La Chandeleur

La Chandeleur (Candlemas), the Feast of the Presentation of Our Lord (or Purification of Our Lady) celebrated on February 2, once marked the end of the Christmas season. Mardi Gras, on the other hand, marks the end of the carnival season before the start of Lent on Ash Wednesday. Nevertheless, there are some interesting links between the two celebrations as celebrated among Acadians.

From Chéticamp:

La Chandeleur - Candlemas: Years ago, the feast of Candlemas, on February 2, began in church with the blessing of the candles and was followed by a supper and an evening of music and dance. A few days prior to February 2, a group of people from the community would go from house to house in search of food for Candlemas. This group was led by an individual dressed up for the occasion and holding a long cane decorated with ribbons of various colours. Where food was given out, the group would dance the Escaouette as a way of thanking the householders. We called this activity 'courir la Chandeleur' (running the Candlemas). On the day in question, people would get together at a pre-designated location, where they would have supper and spend the evening singing and dancing. Today, all that is left is the supper and dance in a community hall.

Compare with the Courir de Mardi Gras as celebrated in Eunice, Louisiana.

Mardi Gras in rural Southwestern Louisiana draws on traditions that are centuries old. Revelers go from house to house begging to obtain the ingredients for a communal meal. They wear costumes that conceal their identity and that also parody the roles of those in authority. They escape from ordinary life partly through the alcohol many consume in their festive quest, but even more through the roles they portray. As they act out their parts in a wild, gaudy pageant, they are escaping from routine existence, freed from the restraints that confine them every other day in the year.

In all of the Mardi Gras run of today, the capitaine maintains control over the Mardi Gras, as the riders are known. He issues instructions to the riders as they assemble early in the morning and then leads them on their run. When they arrive at a farm house, he obtains permission to enter private property, after which the riders may charge toward the house, where the Mardi Gras sing, dance, and beg until the owner offers them an ingredient for a gumbo. Often, the owner will throw a live chicken into the air that the Mardi Gras will chase, like football players trying to recover a fumble.

In addition to the Mardi Gras on horseback, some ride on flatbed trailers pulled by trucks or tractors. By mid to late afternoon, the Courir returns to town and parades down the main street on the way to the location where the evening gumbo will be prepared.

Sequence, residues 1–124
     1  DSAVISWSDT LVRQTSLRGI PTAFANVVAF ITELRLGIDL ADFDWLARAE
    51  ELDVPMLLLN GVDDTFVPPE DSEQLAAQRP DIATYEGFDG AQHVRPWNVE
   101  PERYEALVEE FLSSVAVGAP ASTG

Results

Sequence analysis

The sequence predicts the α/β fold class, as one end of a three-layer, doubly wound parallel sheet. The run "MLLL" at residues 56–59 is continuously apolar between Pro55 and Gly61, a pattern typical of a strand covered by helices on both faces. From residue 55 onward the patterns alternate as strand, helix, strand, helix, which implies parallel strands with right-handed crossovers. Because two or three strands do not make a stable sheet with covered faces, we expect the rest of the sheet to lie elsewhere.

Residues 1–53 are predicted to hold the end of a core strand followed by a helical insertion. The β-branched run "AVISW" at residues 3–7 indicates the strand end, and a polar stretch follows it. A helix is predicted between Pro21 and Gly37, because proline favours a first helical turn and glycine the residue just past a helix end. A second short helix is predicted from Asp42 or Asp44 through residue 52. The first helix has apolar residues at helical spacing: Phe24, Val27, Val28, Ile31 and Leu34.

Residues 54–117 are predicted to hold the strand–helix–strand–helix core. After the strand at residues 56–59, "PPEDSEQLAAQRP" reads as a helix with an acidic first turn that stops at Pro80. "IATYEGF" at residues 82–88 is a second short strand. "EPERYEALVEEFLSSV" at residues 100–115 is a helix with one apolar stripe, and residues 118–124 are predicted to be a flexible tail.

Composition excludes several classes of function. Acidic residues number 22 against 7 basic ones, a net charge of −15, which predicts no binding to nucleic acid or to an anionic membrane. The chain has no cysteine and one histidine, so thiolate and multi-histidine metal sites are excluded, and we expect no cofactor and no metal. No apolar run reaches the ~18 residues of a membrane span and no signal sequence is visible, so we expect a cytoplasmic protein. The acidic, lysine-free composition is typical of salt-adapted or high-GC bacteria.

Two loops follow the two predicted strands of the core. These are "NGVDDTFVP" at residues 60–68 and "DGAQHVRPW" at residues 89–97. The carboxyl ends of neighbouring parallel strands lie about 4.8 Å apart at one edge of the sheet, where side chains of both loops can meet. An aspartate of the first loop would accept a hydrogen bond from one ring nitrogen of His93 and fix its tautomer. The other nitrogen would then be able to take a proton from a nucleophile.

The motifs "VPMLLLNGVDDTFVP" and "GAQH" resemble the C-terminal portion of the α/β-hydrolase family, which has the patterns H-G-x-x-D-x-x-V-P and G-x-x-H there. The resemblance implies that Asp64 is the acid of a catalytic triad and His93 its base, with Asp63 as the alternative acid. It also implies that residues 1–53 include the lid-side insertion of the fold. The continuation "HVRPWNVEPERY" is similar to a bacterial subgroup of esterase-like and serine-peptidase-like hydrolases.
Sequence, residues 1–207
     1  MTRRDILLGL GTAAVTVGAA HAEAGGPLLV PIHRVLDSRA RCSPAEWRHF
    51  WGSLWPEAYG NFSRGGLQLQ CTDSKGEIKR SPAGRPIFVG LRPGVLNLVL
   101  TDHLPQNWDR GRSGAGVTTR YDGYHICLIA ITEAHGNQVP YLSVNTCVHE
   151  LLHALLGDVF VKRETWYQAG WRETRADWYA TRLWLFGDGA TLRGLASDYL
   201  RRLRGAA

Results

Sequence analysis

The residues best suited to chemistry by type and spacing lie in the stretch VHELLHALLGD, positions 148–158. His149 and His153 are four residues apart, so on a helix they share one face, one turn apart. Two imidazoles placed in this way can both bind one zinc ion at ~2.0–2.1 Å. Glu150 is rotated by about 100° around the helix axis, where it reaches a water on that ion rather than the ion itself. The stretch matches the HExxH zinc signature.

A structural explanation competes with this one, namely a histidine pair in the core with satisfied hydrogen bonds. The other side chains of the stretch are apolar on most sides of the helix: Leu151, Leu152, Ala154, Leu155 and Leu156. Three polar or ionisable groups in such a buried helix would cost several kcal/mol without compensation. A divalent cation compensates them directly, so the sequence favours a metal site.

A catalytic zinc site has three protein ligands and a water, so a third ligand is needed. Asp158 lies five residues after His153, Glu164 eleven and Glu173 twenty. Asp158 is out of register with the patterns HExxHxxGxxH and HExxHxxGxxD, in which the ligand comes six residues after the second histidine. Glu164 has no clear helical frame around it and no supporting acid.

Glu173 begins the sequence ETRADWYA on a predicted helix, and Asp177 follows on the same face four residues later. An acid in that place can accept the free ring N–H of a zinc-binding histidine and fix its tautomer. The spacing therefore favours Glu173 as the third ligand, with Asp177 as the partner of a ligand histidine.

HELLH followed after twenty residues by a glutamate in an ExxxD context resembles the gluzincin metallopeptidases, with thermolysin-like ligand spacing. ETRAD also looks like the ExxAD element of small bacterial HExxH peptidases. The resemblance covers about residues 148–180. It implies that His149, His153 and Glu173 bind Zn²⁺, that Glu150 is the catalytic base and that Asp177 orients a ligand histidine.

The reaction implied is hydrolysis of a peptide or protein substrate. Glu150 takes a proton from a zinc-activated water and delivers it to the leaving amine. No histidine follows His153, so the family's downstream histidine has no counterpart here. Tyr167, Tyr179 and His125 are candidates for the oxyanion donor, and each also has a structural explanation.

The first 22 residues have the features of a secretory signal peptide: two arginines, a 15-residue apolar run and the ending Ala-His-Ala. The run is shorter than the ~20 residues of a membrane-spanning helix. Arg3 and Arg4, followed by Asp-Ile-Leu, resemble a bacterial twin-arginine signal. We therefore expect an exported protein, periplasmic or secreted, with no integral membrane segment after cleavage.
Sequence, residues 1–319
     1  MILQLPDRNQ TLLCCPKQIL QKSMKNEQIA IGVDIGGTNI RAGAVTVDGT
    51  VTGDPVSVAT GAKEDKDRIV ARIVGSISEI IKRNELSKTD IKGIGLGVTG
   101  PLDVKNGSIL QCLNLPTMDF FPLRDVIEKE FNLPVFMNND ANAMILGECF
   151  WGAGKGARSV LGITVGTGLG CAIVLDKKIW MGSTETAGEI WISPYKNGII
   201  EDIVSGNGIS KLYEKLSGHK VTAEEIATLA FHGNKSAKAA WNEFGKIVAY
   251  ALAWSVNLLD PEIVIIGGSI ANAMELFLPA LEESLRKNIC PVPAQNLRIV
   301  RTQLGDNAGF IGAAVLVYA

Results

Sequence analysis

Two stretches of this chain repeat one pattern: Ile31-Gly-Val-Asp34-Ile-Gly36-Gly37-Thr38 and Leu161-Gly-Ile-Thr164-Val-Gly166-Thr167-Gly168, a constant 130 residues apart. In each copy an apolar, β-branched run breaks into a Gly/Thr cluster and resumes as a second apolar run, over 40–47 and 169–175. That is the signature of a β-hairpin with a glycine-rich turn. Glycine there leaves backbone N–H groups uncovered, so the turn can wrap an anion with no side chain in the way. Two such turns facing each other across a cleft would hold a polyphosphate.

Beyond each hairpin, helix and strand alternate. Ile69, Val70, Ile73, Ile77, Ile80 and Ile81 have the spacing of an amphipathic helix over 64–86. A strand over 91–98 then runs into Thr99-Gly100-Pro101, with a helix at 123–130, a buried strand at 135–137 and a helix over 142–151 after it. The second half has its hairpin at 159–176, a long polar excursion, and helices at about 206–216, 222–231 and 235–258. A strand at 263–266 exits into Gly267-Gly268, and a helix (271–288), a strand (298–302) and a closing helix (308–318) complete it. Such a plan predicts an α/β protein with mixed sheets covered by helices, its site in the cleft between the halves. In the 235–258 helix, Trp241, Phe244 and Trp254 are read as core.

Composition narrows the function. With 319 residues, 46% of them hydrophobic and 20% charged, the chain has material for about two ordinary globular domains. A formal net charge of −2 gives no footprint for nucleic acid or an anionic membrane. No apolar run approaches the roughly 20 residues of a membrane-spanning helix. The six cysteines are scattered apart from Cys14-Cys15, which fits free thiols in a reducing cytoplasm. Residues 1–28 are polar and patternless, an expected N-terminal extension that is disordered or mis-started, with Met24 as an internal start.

Some links:




Lucie LeBlanc Consentino

When I was a kid my grandmother used to dress me on this night and take me to visit all of our cousins… I was disguised so she would tell me not to say a word and they had to guess who I was. I had a great time of it. I loved my grandmother very much and spent lots of time with her and this was one of the fun times ;o)

Other than that, I’ve not seen Candlemas celebrated here. I guess my grandmother was trying to carry on a tradition that was quickly disappearing and that has long been gone since.

A friend from Marseille writes:

Crepes are supposed to be prepared ... before sunset  -- after it brings bad luck (if you follow the tradition).

You are supposed to hold a golden coin in one hand and flip the crepes with the other. If you miss it brings bad lack. Crepes were not necessarily eaten all over the country some regions were having beignets instead of crepes. There is not a good translation for beignet but think about a donut, not the
shape but the process of being fried if you like.

With my parents we were going to Mass and then my mother was preparing the crepes, we never really flipped them because we always missed ! and they ended up in the kitchen floor so after some attempts we gave up ! We were having family and friends over. Now, besides the religious aspect of the Chandeleur, in our days, people take this opportunity to spend some fun time together. Everybody has his or her chance with a frying pan to flip them and when they are ready everybody gather around the table to eat them. You can accompany them with cider (alcohol one from Brittany the best !). In Brittany, the flour quality is very different from other places crepes are brownish and really thick while my mother's crepes were really thin. Each region in fact has its own specialty or tradition regarding crepes.